Houston

José María Cruxent, Sans erotisme il n’y aurait pas d’amour (Without Eroticism There Would Be No Love), 1965, mixed media on canvas, 54 3⁄4 × 62 5⁄8". From “Contesting Modernity: Informalism in Venezuela, 1955–1975.”

“Contesting Modernity: Informalism in Venezuela, 1955–1975”

Museum of Fine Arts, Houston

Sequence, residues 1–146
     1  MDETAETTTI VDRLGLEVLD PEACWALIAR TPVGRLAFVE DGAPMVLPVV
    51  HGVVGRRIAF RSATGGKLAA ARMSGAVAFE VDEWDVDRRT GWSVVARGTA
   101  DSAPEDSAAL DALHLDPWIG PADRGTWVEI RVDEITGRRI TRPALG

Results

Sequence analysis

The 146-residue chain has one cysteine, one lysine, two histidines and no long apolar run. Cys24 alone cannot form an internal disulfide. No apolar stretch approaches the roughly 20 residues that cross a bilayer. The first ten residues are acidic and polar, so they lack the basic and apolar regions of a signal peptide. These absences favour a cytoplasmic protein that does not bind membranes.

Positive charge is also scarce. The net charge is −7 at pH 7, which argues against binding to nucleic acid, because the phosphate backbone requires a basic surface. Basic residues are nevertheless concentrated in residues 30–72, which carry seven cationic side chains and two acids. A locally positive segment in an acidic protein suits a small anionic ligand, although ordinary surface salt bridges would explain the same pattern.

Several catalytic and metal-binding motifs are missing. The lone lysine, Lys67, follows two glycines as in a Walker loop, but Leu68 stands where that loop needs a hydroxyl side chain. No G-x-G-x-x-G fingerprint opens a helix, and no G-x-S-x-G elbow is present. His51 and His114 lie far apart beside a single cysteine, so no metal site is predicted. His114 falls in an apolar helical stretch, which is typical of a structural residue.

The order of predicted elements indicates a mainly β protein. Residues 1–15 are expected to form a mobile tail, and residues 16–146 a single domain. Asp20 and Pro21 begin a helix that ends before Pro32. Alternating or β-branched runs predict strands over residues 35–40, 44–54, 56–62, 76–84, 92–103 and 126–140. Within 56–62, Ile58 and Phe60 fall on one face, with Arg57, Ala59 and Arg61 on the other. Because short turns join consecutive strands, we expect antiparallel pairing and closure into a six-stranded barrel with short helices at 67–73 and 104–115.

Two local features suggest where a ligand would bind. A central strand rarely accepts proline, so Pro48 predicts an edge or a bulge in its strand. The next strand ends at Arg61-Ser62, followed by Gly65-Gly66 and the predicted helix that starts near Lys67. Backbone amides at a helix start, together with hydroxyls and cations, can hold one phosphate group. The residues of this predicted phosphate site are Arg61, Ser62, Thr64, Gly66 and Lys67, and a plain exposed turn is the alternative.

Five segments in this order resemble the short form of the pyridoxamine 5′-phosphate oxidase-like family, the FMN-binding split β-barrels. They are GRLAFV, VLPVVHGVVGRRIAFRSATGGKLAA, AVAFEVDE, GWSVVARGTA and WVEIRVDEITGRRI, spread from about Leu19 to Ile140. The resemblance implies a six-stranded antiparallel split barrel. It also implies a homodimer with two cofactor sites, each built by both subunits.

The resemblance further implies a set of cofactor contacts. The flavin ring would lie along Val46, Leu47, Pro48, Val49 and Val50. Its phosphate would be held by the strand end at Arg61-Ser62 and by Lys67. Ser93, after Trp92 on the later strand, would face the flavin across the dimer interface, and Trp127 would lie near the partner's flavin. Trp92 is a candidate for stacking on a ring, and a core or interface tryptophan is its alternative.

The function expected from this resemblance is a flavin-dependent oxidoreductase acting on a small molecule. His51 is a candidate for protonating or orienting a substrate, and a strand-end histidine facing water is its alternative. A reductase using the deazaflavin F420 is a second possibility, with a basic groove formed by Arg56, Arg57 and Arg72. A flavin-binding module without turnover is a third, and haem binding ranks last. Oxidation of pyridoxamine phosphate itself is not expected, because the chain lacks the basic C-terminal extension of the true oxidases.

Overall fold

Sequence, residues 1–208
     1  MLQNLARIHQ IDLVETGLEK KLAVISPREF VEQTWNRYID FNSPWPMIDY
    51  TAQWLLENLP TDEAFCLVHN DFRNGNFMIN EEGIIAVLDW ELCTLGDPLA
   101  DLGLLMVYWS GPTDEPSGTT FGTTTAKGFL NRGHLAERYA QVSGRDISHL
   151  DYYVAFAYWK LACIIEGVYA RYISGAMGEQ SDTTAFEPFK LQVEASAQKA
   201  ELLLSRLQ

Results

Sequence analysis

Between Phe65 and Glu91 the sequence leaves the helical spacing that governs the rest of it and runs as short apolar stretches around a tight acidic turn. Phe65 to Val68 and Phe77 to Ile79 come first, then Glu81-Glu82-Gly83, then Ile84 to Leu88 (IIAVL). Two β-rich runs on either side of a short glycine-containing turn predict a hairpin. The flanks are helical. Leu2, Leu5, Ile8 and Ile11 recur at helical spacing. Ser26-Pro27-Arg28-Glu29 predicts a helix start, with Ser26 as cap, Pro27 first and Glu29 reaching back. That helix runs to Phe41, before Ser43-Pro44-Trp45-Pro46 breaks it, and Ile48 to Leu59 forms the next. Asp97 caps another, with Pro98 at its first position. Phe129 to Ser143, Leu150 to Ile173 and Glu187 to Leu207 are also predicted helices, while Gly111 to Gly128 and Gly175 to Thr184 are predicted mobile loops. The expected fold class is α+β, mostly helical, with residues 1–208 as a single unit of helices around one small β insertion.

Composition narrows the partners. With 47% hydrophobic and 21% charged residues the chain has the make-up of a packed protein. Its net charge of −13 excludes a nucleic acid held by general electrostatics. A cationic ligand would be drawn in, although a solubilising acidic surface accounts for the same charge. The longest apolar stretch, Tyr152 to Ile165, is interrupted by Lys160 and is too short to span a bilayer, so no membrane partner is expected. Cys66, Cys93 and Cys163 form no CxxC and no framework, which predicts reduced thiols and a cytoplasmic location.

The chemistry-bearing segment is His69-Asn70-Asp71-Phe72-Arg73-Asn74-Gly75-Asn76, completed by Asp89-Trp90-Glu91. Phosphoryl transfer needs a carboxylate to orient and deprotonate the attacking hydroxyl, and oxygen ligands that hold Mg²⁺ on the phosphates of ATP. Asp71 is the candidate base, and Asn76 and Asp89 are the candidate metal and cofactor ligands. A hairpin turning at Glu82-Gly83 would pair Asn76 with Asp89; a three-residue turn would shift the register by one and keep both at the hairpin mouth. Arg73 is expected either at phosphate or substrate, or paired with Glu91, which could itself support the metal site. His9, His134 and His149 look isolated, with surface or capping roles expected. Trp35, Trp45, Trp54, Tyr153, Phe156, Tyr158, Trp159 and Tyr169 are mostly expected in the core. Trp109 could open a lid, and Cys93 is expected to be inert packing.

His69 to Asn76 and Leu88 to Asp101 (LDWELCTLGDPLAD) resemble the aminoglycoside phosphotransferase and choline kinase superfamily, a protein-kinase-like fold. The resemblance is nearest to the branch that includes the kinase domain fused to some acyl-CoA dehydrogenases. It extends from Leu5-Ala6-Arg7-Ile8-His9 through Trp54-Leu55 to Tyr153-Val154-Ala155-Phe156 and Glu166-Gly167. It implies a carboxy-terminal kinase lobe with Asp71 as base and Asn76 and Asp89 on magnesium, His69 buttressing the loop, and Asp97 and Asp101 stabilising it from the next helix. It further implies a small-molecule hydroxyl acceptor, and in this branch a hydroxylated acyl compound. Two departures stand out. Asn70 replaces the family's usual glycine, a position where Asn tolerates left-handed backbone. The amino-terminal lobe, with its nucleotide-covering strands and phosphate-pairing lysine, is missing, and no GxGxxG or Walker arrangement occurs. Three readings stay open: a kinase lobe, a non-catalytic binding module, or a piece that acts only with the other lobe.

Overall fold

Rethinking modernity and modernism in Latin America is still a pending task. This was one premise of the comprehensive exhibition curated by Mari Carmen Ramírez and Tahía Rivero at the Museum of Fine Arts, Houston, that included more than thirty artists with more than one hundred works in various media, from painting and sculpture to collage and film. For the first time in a historical survey of art in Venezuela, the exhibition focused on informalism, or art informel. Michel Tapié launched this term in France with the publication of Un art autre: Où il s’agit de nouveaux dévidages du réel (An Other Art: Regarding New Unspoolings of the Real, 1952), where he used informel to describe painting that emphasized the opaque materiality of paint, as in the work of Jean Dubuffet and Jean Fautrier, or spontaneous expression, as evinced by Georges Mathieu. By focusing on informalism’s transatlantic

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